nil
  end

tot.push(tot.shift)
tot.each {|x| p x.join(" ")}
end
###

# Harry

--

A Look into Japanese Ruby List in English
http://www.kakueki.com/
Robert D. (Guest)
on 2007-05-20 16:06
(Received via mailing list)
Hi

here goes my solution for Ruby Q. #124.
This was quite tough, firstly to find the algorithms and secondly to
write concise code that still runs not too slowly.
I have therefore adapted my original solution (which runs 30% faster
and still is attached to this mail) to something more "readable", well
it is up to you to judge that :).

I know this is not DRY, but politeness cannot be ;). Ty again for the
great effort Ruby Q. is.
BTW is there a book to be published one day about Ruby Q.?

Cheers
Robert


Usage = <<-EOS
  usage:
      ruby #{$0} [-t|--test] [-h|--html] <Square Order List>

      Prints Magic Squares for all indicated orders.
      Indicating -t also tests the results.
EOS
loop do
  case ARGV.first
    when "-t", "--test"
      require 'test-squares'
      ARGV.shift
    when "-h", "--html"
      require 'html-output'
      ARGV.shift
    when "-?", "--help", nil
      puts Usage
      exit
    when "--"
      ARGV.shift && break
    else
      break
  end
end

class Array
  def lpos; first end
  def cpos; self[1] end
end
#
# This is a default output module, another output
# module called HTMLOutput is provided as an example
# how to pull in an appropriate Output module
# as plugin.
#
module Output
  def to_s decoration = false
    l = (@order*@order).to_s.size
    return  @data.map{ |line|
                        line.map{ |cell|
                                   "%#{l}d" % cell
                                }.join(" ")
                      }.join("\n") unless decoration

    sep_line = "+" << ( "-" * l.succ.succ << "+" ) * @order
    sep_line.dup << "\n" <<
    @data.map{ | line | "| " << line.map{ |cell| "%#{l}d" % cell
}.join(" | ") << " |" }.
      zip( [sep_line] * @order ).flatten.join("\n")
  end
end

#
# The usage of cursors is slowing down the program a little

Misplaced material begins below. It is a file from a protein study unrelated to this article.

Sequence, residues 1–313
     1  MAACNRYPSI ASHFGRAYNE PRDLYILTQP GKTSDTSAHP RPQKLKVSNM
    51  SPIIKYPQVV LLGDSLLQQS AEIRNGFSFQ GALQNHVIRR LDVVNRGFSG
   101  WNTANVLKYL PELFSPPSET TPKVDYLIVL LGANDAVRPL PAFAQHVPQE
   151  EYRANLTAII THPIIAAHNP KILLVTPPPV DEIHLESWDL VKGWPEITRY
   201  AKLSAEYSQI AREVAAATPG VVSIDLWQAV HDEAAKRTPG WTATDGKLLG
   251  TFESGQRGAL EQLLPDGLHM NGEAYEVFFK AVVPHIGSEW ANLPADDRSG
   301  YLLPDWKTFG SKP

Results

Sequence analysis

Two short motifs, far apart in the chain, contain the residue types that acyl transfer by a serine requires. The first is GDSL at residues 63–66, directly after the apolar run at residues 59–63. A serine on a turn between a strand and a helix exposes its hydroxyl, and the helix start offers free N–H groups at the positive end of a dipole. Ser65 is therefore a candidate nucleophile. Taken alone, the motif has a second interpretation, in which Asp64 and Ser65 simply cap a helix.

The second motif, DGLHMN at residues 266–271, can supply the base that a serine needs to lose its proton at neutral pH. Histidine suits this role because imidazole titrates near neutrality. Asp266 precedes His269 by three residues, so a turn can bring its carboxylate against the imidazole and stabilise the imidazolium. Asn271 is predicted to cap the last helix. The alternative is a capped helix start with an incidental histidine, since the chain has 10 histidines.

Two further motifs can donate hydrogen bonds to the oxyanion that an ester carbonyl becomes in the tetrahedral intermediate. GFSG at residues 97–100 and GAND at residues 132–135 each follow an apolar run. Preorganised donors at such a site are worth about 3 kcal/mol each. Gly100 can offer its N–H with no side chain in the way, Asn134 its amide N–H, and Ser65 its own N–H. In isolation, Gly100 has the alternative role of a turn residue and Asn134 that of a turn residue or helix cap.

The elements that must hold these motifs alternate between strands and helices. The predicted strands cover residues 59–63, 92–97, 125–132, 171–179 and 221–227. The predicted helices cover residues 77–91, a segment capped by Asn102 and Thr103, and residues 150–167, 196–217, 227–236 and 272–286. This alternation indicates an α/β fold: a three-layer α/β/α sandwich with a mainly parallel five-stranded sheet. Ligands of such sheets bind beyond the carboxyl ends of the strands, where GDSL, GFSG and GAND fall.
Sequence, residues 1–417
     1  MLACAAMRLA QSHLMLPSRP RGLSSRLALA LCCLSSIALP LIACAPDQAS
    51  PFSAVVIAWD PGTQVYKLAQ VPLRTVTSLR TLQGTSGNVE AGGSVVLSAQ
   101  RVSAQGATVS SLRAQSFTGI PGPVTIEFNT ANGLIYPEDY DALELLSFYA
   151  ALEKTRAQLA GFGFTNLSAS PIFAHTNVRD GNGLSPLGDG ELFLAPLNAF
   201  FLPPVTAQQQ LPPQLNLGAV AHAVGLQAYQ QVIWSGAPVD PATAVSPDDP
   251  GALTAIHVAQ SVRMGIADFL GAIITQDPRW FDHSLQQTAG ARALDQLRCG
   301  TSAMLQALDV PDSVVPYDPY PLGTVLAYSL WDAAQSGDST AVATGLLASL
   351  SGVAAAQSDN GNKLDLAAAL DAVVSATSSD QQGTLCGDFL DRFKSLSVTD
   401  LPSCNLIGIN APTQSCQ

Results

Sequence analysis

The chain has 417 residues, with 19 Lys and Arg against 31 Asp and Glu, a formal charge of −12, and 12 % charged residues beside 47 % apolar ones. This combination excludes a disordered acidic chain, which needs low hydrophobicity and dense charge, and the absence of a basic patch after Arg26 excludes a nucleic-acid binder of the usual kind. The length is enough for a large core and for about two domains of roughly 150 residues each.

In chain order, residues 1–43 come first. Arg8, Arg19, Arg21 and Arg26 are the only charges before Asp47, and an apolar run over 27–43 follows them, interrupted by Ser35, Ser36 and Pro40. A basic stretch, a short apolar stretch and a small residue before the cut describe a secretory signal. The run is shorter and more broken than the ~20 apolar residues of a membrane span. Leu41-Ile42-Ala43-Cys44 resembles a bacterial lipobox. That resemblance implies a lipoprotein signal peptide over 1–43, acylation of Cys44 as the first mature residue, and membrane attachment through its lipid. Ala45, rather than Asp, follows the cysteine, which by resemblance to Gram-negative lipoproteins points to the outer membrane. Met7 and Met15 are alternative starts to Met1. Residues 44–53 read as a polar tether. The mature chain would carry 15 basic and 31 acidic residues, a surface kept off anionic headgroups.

# bit but I feel it is still fast enough.
#
class Cursor
  attr_reader :cpos, :lpos
  def initialize order, lpos, cpos
    @order = order
    @lpos  = lpos
    @cpos  = cpos
  end

  def move ldelta, cdelta
    l = @lpos + ldelta
    c = @cpos + cdelta
    l %= @order
    c %= @order
    self.class.new @order, l, c
  end
  def next!
     s = dup
     @cpos += 1
     return s if @cpos < @order
     @cpos = 0
     @lpos += 1
     @lpos %= @order
     s
  end
end

#
# This is where the work is done, like
# testing and outputting and what was it?
# Ah yes storing the data.
#
class SquareData
  include Output
  include HTMLOutput rescue nil
  include TestSquare rescue nil
  def initialize order
    @order = order
    @data = Array.new( @order ){ Array.new( @order ) { nil } }
  end

  def [](c); @data[c.lpos][c.cpos] end
  def []=(c, v); @data[c.lpos][c.cpos] = v end

  def each_subdiagonal
    (@order/4).times do
      | line |
      (@order/4).times do
        | col |
        4.times do
          | l |
          4.times do
            | c |
            yield [ 4*line + l, 4*col + c ] if
            l==c || l+c == 3
          end
        end # 4.times do
      end # (@order/4).times do
    end # (@order/4).times do
  end

  def siamese_order
    model = self.class.new @order
    last = @order*@order
    @pos = Cursor.new @order, 0, @order/2
    yield @pos.lpos, @pos.cpos, self[@pos]
    model[ @pos ] = true
    2.upto last do
      npos = @pos.move -1, +1